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Old 07-30-2009, 10:30 PM   #1 (permalink)
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Default Obsessive cat licking himself quite bald

I don't know what to do with this cat! Let me tell you about Casper. Casper is a 9 year old male house cat. We found him outside at a little under 1 month of age, but he never seems to have completely grown out of being wild. He is not a lap kitty, and I don't ever pick him up unless it's for something like putting him in the carrier. I wouldn't ever dare giving him a bath like the others, but that's fine because he does not ever need any extra cleaning. He's a VERY clean cat, and has always kept his fur perfectly smooth and shiny.

BUT. For Christmas this last year, he got a cheap toy mouse. He loved this stupid toy so much that he didn't stop playing with the pieces of it until I threw them away because he was starting to swallow them. Not knowing that I threw the toy away, he started stationing himself in front of the furniture under which the mouse would usually get stuck out of his reach. He did this for 2 weeks until I realized that he was searching for that toy! I figured he would get over it and ignored him, but after a few more weeks I noticed the bald spot.

He licked himself so much that a 2-inch bald spot started growing on his back, AND he started getting terrible hairballs on the carpet. I took him to the vet, wanting to make sure that there wasn't an underlying medical issue, but the vet gave him the ok- no mites or skin conditions. He gave him a steroid just to see if maybe he's just an itchy cat. I thought it was working for a few days, but it didn't.

So. I went and spent about $30 and bought this cat as many small mouse toys as I could find, and some catnip. The catnip was amazing at first, and the toys were an instant hit. I keep pulling them out from under the furniture (and from in my shoes) and I make sure there's always a few out. But the bald spot is still growing!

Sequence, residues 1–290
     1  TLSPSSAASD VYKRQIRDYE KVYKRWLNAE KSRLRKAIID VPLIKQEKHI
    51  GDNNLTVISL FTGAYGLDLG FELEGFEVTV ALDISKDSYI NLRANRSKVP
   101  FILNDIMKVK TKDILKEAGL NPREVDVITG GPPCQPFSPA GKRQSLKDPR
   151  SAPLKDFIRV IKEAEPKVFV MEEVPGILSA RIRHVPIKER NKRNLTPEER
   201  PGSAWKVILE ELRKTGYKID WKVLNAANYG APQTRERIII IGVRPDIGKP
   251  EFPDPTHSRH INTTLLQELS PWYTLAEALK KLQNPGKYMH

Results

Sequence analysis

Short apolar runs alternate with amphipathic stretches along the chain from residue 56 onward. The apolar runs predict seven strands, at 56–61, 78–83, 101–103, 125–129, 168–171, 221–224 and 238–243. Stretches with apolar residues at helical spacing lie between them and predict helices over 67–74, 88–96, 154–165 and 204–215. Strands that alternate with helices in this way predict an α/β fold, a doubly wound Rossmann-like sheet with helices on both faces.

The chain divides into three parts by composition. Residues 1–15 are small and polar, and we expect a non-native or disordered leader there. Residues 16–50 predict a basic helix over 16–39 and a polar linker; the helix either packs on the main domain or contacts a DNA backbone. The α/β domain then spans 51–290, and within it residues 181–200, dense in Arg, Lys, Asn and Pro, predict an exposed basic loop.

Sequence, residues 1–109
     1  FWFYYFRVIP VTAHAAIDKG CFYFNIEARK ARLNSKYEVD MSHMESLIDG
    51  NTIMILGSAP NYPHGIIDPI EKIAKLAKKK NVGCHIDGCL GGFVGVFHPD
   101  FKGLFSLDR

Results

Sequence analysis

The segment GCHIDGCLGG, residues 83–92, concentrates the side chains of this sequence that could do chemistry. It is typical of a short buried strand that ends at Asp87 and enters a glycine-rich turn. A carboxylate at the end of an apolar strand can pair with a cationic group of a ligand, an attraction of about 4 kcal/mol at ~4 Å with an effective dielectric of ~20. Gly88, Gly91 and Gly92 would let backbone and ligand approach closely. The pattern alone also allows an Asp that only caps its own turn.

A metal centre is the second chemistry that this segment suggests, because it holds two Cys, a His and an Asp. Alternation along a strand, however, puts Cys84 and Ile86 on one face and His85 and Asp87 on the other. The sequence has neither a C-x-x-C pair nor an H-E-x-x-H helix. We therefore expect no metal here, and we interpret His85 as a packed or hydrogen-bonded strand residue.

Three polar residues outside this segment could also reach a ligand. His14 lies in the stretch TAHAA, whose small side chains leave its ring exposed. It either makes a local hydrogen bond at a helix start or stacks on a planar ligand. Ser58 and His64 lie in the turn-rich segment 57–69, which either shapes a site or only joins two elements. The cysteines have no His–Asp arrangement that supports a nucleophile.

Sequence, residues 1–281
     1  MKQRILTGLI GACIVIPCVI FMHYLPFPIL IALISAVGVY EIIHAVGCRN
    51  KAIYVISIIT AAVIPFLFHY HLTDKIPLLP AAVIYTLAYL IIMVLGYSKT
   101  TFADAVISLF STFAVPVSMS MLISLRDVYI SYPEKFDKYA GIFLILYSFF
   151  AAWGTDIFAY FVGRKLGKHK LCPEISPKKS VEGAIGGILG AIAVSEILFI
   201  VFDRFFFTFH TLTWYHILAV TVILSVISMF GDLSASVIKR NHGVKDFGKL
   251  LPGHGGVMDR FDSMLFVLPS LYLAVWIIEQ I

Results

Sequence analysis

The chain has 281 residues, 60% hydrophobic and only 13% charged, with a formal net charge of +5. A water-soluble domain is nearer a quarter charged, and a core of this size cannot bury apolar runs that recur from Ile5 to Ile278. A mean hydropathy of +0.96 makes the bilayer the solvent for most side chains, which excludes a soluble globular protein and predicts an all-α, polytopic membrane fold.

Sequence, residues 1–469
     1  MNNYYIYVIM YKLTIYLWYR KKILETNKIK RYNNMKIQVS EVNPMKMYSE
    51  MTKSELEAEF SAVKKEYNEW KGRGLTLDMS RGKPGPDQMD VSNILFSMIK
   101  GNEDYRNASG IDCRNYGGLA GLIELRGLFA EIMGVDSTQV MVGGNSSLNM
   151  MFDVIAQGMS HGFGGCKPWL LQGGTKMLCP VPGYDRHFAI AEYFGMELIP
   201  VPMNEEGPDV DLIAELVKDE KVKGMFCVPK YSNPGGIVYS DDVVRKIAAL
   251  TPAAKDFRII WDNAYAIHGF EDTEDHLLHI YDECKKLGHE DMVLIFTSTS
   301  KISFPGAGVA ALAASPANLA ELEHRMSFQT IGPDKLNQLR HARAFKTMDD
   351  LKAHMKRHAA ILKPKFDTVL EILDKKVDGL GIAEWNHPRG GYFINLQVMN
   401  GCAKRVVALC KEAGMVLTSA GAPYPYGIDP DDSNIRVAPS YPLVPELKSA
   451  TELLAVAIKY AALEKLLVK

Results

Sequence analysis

This thing is about six inches across now, and there's one starting on the other side of his back too. I wouldn't dare put something gross on his back to stop him from licking, I know him and he would absolutely disregard it.

He's just obsessive! He once chewed on his own injured leg because it was "bothering" him. I could put a cone on him, but this can't be a long term solution.

I need to find something else for him to be obsessed with. I'm starting to wonder if I shouldn't take him for walks outside since it would be something very new and exciting. What it reminds me of is the way herding dogs need a "job" to keep them happy. Do you think there is something I can do to give this cat a job besides licking himself bald?

I'm taking him back to the vet, maybe he can put him on some sort of anti-anxiety medication. I want to see my cat happy (and I'm tired of cleaning up hairballs) but I don't think medicating him is the best option.

Help, anyone?

Thanks,
"Pickles"
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Old 07-30-2009, 11:04 PM   #2 (permalink)
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Default Re: Obsessive cat licking himself quite bald

Welcome to CF.
May I ask what you are feeding him? Some cats are allergic and will react by excessive grooming, pulling their fur out and licking one spot continuously. I've had two cats who would react that way to fleas. I never saw any fleas, but when I saw their fur thinning, I'd treat everyone and they'd stop the over-grooming and their fur would grow back. Some cats are allergic to ingredients in their foods; like grains or specific protien sources.